Caring for the Vulnerable

JULY 15, 2019

JULY 16, 2019

JULY 17, 2019

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The Collect:

O Lord God, your mercy delights us, and the world longs for your loving care.

Hear the cries of everyone in need, and turn our hearts to love our neighbors

with the love of your Son, Jesus Christ, our Savior and Lord.  Amen.

Evangelical Lutheran Worship (2006), page 42

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The Assigned Readings:

Job 24:1-8 (Monday)

Proverbs 19:1-7 (Tuesday)

Ecclesiastes 9:13-18 (Wednesday)

Psalm 25:11-20 (All Days)

James 2:1-7 (Monday)

1 John 3:11-17 (Tuesday)

Matthew 25:31-46 (Wednesday)

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Quick, turn to me, pity me,

alone and wretched as I am!

–Psalm 25:16, The New Jerusalem Bible (1985)

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How we treat our fellow human beings, especially those different from ourselves, is a matter of morality.  The author of the Letter of James, thanks to the preservation of his text, reminds us that extending partiality to people based on having more wealth than others in sinful.  Such partiality is human, not divine.  The commandment in 1 John 3:11-17 is to love one another.  Such love begins with attitudes then translates into actions.  As we read in Matthew 25:31-46, how we treat our fellow human beings is how we treat Jesus.

Do we recognize Christ in those around us and those far away from us, especially those who are vulnerable?  To see Jesus in the face of one like us is easy, but doing the same in the face of one different–even scary–is difficult.  Therein lies the challenge, one Christ commands us to undertake.  We can succeed, by grace.

KENNETH RANDOLPH TAYLOR

MARCH 14, 2016 COMMON ERA

THE FEAST OF SAINT MATHILDA, QUEEN OF GERMANY

THE FEAST OF JOHN SWERTNER, DUTCH-GERMAN MORAVIAN MINISTER, HYMN WRITER, HYMN TRANSLATOR, AND HYMNAL EDITOR; AND HIS COLLABORATOR, JOHN MUELLER, GERMAN-ENGLISH MORAVIAN MINISTER, HYMN EDITOR, AND HYMNAL EDITOR

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https://blogatheologica.wordpress.com/2016/03/14/caring-for-the-vulnerable/

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Devotion for Thursday and Friday Before Proper 10, Year A (ELCA Daily Lectionary)   1 comment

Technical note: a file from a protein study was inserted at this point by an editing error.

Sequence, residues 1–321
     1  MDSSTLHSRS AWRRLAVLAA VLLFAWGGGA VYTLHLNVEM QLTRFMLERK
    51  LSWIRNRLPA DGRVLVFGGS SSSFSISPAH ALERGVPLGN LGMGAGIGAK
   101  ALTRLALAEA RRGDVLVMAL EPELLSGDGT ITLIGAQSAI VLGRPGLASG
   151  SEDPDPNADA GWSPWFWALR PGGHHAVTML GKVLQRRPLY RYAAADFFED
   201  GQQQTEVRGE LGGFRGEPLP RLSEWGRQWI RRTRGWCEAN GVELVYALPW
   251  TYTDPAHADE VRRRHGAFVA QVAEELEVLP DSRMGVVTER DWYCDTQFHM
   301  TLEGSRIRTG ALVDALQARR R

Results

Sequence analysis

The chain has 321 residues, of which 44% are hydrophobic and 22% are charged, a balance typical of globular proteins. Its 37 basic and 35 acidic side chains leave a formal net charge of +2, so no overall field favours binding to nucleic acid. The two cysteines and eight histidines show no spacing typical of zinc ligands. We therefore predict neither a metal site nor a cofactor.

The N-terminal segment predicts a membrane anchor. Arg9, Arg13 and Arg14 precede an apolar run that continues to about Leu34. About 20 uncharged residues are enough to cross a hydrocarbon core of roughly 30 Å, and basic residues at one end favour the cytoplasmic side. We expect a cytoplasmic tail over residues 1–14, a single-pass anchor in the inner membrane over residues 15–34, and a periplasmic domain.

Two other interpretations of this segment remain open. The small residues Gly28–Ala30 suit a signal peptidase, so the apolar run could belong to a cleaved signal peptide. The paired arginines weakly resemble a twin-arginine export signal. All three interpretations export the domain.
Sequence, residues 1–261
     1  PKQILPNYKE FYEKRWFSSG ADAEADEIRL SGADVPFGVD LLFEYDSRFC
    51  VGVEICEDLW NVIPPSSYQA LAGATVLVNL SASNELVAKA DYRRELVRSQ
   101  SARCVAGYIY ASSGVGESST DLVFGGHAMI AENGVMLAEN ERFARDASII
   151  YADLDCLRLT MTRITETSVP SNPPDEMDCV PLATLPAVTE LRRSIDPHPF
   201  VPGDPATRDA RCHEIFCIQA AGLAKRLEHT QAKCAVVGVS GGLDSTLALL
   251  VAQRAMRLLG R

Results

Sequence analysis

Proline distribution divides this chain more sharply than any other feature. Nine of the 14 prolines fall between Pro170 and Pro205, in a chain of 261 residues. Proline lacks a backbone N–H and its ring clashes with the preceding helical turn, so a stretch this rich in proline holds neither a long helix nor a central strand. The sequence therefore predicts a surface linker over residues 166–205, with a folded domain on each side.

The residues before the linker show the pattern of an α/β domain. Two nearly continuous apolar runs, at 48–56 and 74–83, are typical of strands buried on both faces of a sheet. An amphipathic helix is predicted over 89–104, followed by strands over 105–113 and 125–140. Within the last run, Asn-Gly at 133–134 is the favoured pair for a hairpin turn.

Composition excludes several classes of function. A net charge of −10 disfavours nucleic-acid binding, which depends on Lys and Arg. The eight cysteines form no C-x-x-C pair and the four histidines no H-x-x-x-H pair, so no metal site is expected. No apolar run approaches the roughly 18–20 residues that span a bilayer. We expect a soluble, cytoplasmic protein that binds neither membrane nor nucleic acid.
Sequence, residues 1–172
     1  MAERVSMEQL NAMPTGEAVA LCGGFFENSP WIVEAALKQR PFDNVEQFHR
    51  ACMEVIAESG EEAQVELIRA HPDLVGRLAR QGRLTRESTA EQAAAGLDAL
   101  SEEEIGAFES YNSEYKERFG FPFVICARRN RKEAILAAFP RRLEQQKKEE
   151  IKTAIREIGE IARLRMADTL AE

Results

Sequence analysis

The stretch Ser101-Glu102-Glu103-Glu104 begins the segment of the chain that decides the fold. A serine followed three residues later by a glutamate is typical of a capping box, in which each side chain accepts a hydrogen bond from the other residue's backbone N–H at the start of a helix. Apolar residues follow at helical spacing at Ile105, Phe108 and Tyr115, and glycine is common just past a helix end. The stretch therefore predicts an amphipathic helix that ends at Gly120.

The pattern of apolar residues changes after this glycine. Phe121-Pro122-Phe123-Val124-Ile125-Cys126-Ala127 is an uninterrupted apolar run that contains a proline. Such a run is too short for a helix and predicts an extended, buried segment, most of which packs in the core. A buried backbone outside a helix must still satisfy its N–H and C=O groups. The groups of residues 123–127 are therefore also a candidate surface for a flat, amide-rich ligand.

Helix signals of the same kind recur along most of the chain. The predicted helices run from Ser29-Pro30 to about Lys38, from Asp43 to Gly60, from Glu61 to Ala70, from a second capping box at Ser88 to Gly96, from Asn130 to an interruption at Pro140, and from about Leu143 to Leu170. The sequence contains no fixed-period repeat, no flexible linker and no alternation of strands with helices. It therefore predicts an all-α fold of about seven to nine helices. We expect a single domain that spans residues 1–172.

Cyrus II

Above:  King Cyrus II of Persia

Image in the Public Domain

Divine Judgment and Mercy

JULY 13 and 14, 2017

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The Collect:

Almighty God, we thank you for planting in us the seed of your word.

By your Holy Spirit help us to receive it with joy,

live according to it, and grow if faith and love,

through Jesus Christ, our Savior and Lord.  Amen.

Evangelical Lutheran Worship (2006), page 42

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The Assigned Readings:

Isaiah 48:1-5 (Thursday)

Isaiah 49:6-11 (Friday)

Psalm 65:[1-8], 9-13 (Both Days)

Romans 2:12-16 (Thursday)

Romans 15:14-21 (Friday)

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You are to be praised, O God, in Zion;

to you shall vows be performed in Jerusalem.

To you that hear prayer shall all flesh come,

because of their transgressions.

Our sins are stronger than we are,

but you will blot them out.

–Psalm 65:1-3, The Book of Common Prayer (1979)

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I recall a hypothetical situation I heard while growing up:  There is a man whom God is drawing to God’s self.  This man responds positively to these summons, but he dies before he can make a profession of Christian faith, much less accept baptism.  Where does he spend his afterlife?

One’s answer reveals quite a bit about one’s theology.  I, unlike, certain others, refuse to relegate the man to Hell.  He was, after all, responding faithfully to God.  The man might not have been able to provide their proper answers according to a catechism, but he was not rebelling against God.  Would not God be faithful to the man who had obeyed him each step along the way?  And, as the author of the Letter of James would confirm, not everybody who can give the correct catechetical answer will make the heavenly cut.  I recall that from Matthew 25:31-46 also.

In God abide both judgment and mercy.  The combined reading from Isaiah 48 makes this point succinctly.  St. Paul the Apostle agrees.  And, regarding the centrality of Christ to salvation for Gentiles, I agree while being reluctant to make sweeping and probably inaccurate judgments.  No, I prefer to err on the side of mercy if I must be wrong.  Besides, that decision rests with God alone, not with any of us, mere mortals.

I find, as is so often true in my experience, that The Book of Common Prayer (1979) provides helpful prayers and theology.  The Good Friday service includes this on page 279 of the Prayer Book:

Let us pray for all who have not received the Gospel of Christ;

For those who have never heard the word of salvation

For those who have lost their faith

For those hardened by sin or indifference

For the contemptuous and the scornful

For those who are enemies of the cross of Christ and persecutors of his disciples

For those who in the name of Christ have persecuted others

That God will open their hearts to the truth, and lead them to faith and obedience.

Then, on the next page, we find this:

Let us commit ourselves to our God, and pray for the grace of a holy life, that, with all who have departed this world and have died in the peace of Christ, and those whose faith is known to God alone, we may be accounted worthy to enter into the fullness of the joy of our Lord, and receive the crown of life in the day of resurrection.

May we, without mistaking Universalism for reality, never give short shrift to divine mercy.  Likewise, may we avoid the same error regarding divine judgment.

KENNETH RANDOLPH TAYLOR

JUNE 13, 2014 COMMON ERA

THE FEAST OF SAINT ANTONY OF PADUA, ROMAN CATHOLIC MONK

THE FEAST OF G. K. (GILBERT KEITH) CHESTERTON, AUTHOR

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http://blogatheologica.wordpress.com/2014/06/15/divine-judgment-and-mercy-2/